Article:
SALES

6 Sales Tactics That Always Backfire

Are you accidentally alienating your potential customers?
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A while back, I was fortunate enough to have a conversation with Susan Scott, author of the best-seller Fierce Conversations. During our talk, she pointed out that many companies pursue self-defeating sales strategies. Here are six of them:

1. Selling Over the Customer's Head 

If you sell directly to the CEO after the executive you've been selling to seems ambivalent or hostile, you probably will not get the sale anyway and you'll have made that executive into your enemy for life.

2. Backing Off From a Strong Negotiation Position

If you offer a discount after insisting that your company never discounts, customers will rightly conclude not only that you were BSing them in the first place, but that you totally lack a backbone.

3. Dissing Your Competitors (or Theirs)

When you trash-talk your competition, the customer will assume that your own offerings are so weak that you must resort to low blows. And criticizing your customer's competitors always sounds like butt-kissing.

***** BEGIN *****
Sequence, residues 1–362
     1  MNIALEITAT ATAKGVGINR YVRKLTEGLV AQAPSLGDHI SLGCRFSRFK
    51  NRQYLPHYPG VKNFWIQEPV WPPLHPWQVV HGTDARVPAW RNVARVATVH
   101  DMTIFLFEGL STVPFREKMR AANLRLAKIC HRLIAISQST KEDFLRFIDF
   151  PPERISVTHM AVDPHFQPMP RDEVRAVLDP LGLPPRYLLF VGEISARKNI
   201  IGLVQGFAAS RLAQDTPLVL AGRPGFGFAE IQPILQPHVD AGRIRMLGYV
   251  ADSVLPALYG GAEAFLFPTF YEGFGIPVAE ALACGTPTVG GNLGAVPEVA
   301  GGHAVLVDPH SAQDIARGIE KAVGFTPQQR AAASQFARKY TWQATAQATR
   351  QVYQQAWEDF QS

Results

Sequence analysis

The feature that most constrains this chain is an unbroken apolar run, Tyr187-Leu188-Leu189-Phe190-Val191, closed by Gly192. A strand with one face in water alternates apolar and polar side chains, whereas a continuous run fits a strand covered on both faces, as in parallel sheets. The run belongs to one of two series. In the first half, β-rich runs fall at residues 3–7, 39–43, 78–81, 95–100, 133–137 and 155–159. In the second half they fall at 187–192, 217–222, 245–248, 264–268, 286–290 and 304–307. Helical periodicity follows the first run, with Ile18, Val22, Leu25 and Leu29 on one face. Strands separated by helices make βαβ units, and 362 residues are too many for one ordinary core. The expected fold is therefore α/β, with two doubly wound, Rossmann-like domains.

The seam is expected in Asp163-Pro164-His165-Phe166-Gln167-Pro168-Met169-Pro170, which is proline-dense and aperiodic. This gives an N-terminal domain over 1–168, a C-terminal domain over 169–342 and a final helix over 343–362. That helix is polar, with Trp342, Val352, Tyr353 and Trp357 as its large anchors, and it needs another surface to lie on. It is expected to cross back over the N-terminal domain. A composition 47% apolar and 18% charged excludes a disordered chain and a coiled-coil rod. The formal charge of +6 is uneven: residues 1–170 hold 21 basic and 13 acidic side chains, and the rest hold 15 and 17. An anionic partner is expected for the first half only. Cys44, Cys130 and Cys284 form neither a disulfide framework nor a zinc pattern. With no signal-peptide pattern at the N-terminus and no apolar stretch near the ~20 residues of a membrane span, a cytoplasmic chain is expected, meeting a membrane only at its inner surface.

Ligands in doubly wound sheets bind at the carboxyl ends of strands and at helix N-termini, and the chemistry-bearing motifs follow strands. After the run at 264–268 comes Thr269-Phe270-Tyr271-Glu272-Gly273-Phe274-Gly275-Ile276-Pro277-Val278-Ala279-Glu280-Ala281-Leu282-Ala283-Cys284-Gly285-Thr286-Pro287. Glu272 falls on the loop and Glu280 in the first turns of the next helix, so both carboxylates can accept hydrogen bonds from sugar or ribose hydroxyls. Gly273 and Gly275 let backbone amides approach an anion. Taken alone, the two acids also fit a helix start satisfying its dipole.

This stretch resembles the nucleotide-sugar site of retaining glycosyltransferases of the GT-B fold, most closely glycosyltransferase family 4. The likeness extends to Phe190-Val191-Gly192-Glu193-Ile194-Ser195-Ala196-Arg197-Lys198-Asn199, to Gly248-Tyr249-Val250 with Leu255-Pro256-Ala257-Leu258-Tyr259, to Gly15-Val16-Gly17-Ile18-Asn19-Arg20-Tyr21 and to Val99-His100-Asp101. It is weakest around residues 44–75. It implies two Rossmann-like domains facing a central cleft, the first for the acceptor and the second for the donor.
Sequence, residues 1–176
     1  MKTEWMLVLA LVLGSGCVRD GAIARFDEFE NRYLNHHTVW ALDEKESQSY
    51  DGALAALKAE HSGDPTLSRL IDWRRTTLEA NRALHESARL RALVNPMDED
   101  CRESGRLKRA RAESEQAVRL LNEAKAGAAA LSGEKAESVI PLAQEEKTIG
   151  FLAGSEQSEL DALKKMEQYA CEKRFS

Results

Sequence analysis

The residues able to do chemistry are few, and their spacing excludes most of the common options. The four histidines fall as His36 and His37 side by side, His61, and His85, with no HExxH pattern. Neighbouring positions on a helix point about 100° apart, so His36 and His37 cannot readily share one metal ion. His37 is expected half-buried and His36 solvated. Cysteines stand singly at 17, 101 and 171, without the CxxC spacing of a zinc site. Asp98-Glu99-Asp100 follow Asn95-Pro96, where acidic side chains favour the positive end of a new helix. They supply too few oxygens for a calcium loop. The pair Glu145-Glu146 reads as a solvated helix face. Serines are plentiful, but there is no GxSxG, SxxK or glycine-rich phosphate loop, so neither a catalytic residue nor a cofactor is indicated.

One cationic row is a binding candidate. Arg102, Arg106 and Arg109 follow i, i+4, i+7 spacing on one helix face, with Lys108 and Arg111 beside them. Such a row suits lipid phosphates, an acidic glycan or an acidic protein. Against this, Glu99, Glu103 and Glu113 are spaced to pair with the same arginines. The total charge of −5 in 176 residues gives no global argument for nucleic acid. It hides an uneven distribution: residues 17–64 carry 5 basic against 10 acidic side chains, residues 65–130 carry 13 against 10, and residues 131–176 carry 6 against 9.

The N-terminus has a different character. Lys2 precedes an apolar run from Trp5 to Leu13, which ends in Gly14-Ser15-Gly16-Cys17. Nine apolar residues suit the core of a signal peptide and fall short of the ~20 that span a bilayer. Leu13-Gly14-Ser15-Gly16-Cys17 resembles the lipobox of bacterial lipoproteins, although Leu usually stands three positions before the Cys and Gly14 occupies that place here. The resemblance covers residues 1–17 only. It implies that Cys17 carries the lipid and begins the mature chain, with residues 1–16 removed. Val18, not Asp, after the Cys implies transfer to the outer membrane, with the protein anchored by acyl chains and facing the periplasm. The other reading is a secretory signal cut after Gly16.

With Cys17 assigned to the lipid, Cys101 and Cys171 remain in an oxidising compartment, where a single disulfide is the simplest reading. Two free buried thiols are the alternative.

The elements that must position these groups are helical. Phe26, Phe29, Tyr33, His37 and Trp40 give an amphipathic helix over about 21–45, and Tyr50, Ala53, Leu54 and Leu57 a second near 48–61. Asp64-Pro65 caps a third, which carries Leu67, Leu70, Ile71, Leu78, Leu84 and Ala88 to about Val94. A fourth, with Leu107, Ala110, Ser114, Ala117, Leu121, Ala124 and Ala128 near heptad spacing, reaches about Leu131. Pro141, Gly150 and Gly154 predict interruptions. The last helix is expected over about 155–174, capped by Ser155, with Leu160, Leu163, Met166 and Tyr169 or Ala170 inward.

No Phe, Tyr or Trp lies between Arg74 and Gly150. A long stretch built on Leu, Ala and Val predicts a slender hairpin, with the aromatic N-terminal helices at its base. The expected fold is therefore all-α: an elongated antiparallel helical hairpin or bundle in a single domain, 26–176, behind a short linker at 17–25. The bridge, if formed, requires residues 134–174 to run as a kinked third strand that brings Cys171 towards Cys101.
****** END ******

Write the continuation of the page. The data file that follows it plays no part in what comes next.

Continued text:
4. Giving a Sales Pitch

Nobody wants to hear a sales pitch. Ever. The moment you launch into one--either in person or online, your customers shut down. To engage a customer you must open a conversation, which is the opposite of giving a sales pitch.

5. Pulling Your Punches

Never be afraid to tell clients what they need to know when you feel they might be making a mistake. This includes advising them NOT to buy from you if your offering isn't right for them.

6. Assuming Customer Loyalty

It's all too easy to mistake client apathy for client loyalty. Any client that is not actively praising and proselytizing your firm and its offerings is open to changing vendors and may be actively looking to switch.

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Last updated: Jun 6, 2013

GEOFFREY JAMES | Columnist

Geoffrey James was recently named a "Top 40 Social Selling Marketing Master" by Forbes, and his blog has won awards from the Society of American Business Editors and the American Society of Business Publication Editors. His writing has appeared in publications as diverse as Wired, Brandweek, and Men's Health, and he is the author of numerous books, including The Tao of Programming, Business Wisdom of the Electronic Elite, and, most recently, Business Without the Bullsh*t: 49 Secrets and Shortcuts You Need to Know.

The opinions expressed here by Inc.com columnists are their own, not those of Inc.com.



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